Saturday, August 04, 2012
By: Daniel C. Mizzi
[NaturalNews] The FDA is considering a new prescription program also referred to as the “New Paradigm” that would enable certain prescription drugs to be available without a prescription if they met certain criteria that ensured “conditions of safe use.” The program would involve a variety of medications that treat so-called “common conditions” (i.e. hypertension, diabetes, elevated cholesterol, migraine headaches, asthma, flu, allergies, smoking cessation etc.) The FDA’s apparent rationale behind this proposal is based on evidence from the National Journal that shows that people in the U.S. have poor medication adherence due to a variety of factors (i.e. costs, time, need for multiple physician visits, lack of a prescription drug plan and so on) that ultimately hamper the prescription and medication renewal processes. In addition, the FDA believes that these factors dissuade people from taking potentially lifesaving medications which further contributes to the under-treatment of common medical conditions.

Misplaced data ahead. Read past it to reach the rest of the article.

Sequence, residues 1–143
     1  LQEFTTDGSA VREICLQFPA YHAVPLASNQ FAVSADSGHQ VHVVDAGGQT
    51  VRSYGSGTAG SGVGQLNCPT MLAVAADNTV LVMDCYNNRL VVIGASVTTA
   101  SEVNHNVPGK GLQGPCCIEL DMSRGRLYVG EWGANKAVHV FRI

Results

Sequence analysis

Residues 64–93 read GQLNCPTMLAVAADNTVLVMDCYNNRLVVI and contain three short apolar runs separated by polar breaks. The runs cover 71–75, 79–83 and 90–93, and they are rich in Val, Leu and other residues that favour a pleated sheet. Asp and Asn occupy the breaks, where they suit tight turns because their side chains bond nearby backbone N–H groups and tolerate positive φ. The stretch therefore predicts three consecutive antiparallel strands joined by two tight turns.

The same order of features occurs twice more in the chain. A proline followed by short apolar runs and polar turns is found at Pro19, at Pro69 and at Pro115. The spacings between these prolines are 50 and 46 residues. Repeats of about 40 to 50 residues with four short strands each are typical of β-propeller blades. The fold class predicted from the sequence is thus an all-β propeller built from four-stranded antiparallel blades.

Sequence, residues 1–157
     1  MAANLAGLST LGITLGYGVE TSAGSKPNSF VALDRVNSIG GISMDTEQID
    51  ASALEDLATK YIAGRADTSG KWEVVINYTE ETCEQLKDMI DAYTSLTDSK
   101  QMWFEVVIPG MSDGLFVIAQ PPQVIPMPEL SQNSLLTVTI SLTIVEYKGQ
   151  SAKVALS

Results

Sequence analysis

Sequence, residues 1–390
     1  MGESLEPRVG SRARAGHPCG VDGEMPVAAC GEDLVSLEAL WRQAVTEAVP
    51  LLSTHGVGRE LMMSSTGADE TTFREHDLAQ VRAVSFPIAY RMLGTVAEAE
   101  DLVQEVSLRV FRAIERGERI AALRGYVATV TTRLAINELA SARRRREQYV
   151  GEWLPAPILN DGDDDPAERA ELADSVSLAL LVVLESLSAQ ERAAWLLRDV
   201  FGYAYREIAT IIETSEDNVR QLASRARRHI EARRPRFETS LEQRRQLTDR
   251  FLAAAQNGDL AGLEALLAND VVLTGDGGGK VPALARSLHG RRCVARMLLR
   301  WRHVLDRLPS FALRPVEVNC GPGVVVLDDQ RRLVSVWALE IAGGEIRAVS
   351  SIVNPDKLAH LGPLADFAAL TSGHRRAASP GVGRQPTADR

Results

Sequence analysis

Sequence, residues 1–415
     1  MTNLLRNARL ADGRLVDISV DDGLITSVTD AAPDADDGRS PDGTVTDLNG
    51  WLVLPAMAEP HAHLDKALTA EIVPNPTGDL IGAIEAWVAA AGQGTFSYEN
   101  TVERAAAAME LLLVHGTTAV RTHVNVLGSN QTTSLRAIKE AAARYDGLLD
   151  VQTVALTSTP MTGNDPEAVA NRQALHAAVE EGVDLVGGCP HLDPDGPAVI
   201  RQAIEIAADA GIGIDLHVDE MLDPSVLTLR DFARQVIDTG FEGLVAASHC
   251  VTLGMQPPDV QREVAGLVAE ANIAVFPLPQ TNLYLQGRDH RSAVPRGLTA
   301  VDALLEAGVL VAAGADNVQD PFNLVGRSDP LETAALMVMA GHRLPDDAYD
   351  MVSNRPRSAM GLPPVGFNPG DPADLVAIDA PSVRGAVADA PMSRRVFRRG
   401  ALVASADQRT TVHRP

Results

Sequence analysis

Suggested Methods to Implement the New Prescription Paradigm
Although the FDA has not yet decided how to expand access of certain prescription medications, one key element of their proposal surrounds a pharmacist-driven patient care program that would likely involve patient counseling, patient monitoring, drug interaction prevention and simple diagnostic testing. Another element of the proposal, suggested by the FDA, may involve having a physician prepare the initial prescription for the medication with subsequent access to the medication without a prescription if “conditions of safe use” are met. Lastly, the FDA believes various technologies like pharmacy-based kiosks or internet based questionnaires may help support their proposal by helping patients properly self-diagnose and select the appropriate medication(s) for their condition(s).